14. This battle was fought on a site of General Navarre’s choosing, a crossroads town whose name means “Seat of the Border County Prefecture.” The battle began as paratroopers led by General de Castries took the town in “Operation Castor” and created eight strongpoints around it. The attackers amassed artillery before initiating the battle, which, combined with human wave tactics, allowed them to overwhelm the outlying Beatrice and Gabrielle strongpoints in early March. By April 22, the airstrip was overrun and on May 7, 1954, General Giap and the Viet Minh destroyed the last hope for French victory in Vietnam. For 10 points, name this decisive battle of the First Indochina War. ANSWER: Battle of Điện Biên Phủ 15. The main character of this work often conflicts with his boss in the Scholarship Board, the arrogant, paternalistic Mr. Green. The protagonist’s four years of study in England lead to his decision to marry Clara, but the engagement is called off when her class is revealed. Though he must pay off his student loans to the Umuofian Progressive Union, the main character falls deeper into debt as he buys a car and finances Clara’s abortion. After his mother’s death and his estrangement from Clara, Obi Okonkwo begins to take bribes, for which he is put on trial. For 10 points, name this Nigerian novel, a sequel to Things Fall Apart, written by Chinua Achebe. ANSWER: No Longer at Ease 16. One of this artist’s works depicts a group of people contemplating a poem featuring the line “The paths of glory lead but to the grave.” He imitated the painter Claude’s Landscape with Hagar and the Angel in a painting of a creek winding toward a distant tower, while his only prominent religious work to speak of is the Risen Christ for the altarpiece at Manningtree. He painted a series on his father’s flower and vegetable gardens, but better-known is a landscape featuring dark clouds and a rainbow over the titular structure, which is seen “from the Meadows.” FTP name this artist of Salisbury Cathedral and a painting of a scene on the River Stour, The Hay Wain. ANSWER: John Constable 17. In one of this author’s stories a boy in Surbiton is chastised by Mr. Bons for not having read any of the works of Percy Shelley. In one of his novels, Stephen Wonham is revealed to be the half-brother of Rickie Elliot, while another concerns the failing marriage of Gino Carella and Lilia Herriton. Lady Anne Wood marries Clive Durham after he renounces his affair with the titular Cambridge undergrad in Maurice, while his better-known characters the unlikely heiress Margaret Schlegel in Howards End and the westernized Dr. Aziz in A Passage to India. FTP name this author, also known for a novel about George Emerson and Lucy Honechurch, A Room with a View. ANSWER: E.M. Forster 18. Smaller ranges within this mountain range include the Apuseni Mountains and the Tatra Mountains, whose Mount Gerlach is the tallest of the chain. Bordered on one side by the Pannonian plain, they contain a relatively high concentration of the sandstone-shale compound flysch. Runoff from them has been stemmed by basins in the Bistrita and San valleys, and their foothills around Ploieşti contain oil deposits. They run from the southeast, where the Danube cuts through it at the Iron Gate, to the northwest around Bratislava, arcing around the Transylvanian Plateau and forming the northern and eastern boundaries of the Great Hungarian Plain. For 10 points, name this mountain chain of Romania and Slovakia. ANSWER: Carpathian Mountains or Range 19. This law was developed by its eponymous scientist and his colleague Milton Humason, a former janitor at their Mount Wilson facility. It supported the ideas of Father Lemaître and helped resolve the CurtisShapley Debate. For decades the value of its constant, originally estimated at 500 kilometers per second per megaparsec, was uncertain, until complications like peculiar velocities were dealt with. Scientists like Vesto Slipher had previously noted the Doppler effects in question, but this law utilized new observations of Cepheid variable stars. For 10 points, name this law, a strong support for the expanding universe theory, which states that the redshift of faraway galaxies is linearly proportional to distance. ANSWER: Hubble’s Law 20. Literature-inspired works by this man include a ballet score based on Nosferatu, Grohg, and a piano trio after Ansky’s The Dybbuk, Vitebsk. He wrote the “play opera for high-school performance” The Second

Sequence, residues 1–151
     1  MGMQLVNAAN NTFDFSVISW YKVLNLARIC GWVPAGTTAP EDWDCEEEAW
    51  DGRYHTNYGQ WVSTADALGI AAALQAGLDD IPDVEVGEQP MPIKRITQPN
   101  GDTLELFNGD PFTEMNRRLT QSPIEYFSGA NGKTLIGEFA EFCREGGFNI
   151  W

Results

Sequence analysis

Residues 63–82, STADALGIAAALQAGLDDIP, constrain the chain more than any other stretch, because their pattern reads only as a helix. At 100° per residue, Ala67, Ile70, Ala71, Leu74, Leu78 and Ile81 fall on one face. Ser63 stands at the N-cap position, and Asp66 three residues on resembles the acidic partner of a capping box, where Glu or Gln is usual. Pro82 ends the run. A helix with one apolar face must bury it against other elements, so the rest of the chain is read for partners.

Hurricane and a “Scherzo Humoristique,” The Cat and the Mouse, while his biblical works include 4 Motets and In the Beginning. Known for orchestral works such as An Outdoor Overture and his “Short Symphony,” he created a musical and spoken word “portrait” of Abraham Lincoln along with a ballet containing a famous “Hoe-down,” Rodeo. Also known for Appalachian Spring, this is, FTP, what composer of a Fanfare for the Common Man? ANSWER: Aaron Copland TB. The statute in question in this Supreme Court case was designed after the “Model Law” of Harry Laughlin. The prosecution was incompetently carried out by Irving Whitehead, who is usually considered to have colluded with the defendant for the purpose of upholding the law. His client had been committed to the Virginia Colony after she was raped by a member of her adopted family, but in 1924 she was deemed “promiscuous” and “feeble-minded.” Only one Justice dissented, and Oliver Wendell Holmes wrote the majority opinion, in which he famously stated that “three generations of imbeciles are enough.” For 10 points, name this case in which the legality of eugenic sterilization was upheld. ANSWER: Buck v. Bell [accept Bell v. Buck] Extra. This man’s non-fiction works include a History and Adventures of an Atom, and he wrote the dramas The Regicide and the farce The Reprisal. The snooty Jew Joshua and the Count de Melvil are characters in his novel about a “shrewd villain of monstrous inhumanity,” while the Gobbles and Samuel Crowe befriend the titular knight-errant of another work. One of his better-known characters is thrown into prison for writing satires but ultimately settles down with Emelia Gauntlet, while Hugh Strap and Tom Bowling are respectively the companion and godfather of his Roderick Random. FTP name this author, best-known for The Expedition of Humphry Clinker. ANSWER: Tobias Smollett Extra. In his original mythological setting, he is the son of Nyame and Asase Ya. In some areas his wife is known as Shi Maria, a possibly Christian-inspired adaptation. Although separate from the hare myths which gave rise to Br’er Rabbit, he shares stories with that figure, especially the “tar-baby” tale. His most famous exploit is his successful attempt to become King of All Stories, a story which features in most cultures in which he appears, from the Caribbean to his origin in West Africa among the Ashanti. For 10 points, name this trickster god, usually seen in the shape of a spider. ANSWER: Anansi [or Nanzi] Extra. Based at Thistle Mountain, its leaders included Shi Dakai. Dakai wanted to preserve this movement’s ideological base, a mixture of traditional myths like the Jade Emperor and the tracts of Issachar Roberts, as well as the identity of the Hakka people from whom the movement’s leader sprung. After its capture of Nanjing, the segregation of the city’s population by sex and the reform of society along nominally Christian lines began, but slowed as endemic warfare limited the regime’s actions for the rest of the 1850s. For 10 points, name this most potent rebellion against the Qing [CHING] Dynasty, led by Hong Xiuquan, which killed tens of millions in the name of the Heavenly Kingdom of Great Peace. ANSWER: Taiping Rebellion [accept “Heavenly Kingdom of Great Peace” before mentioned in the question]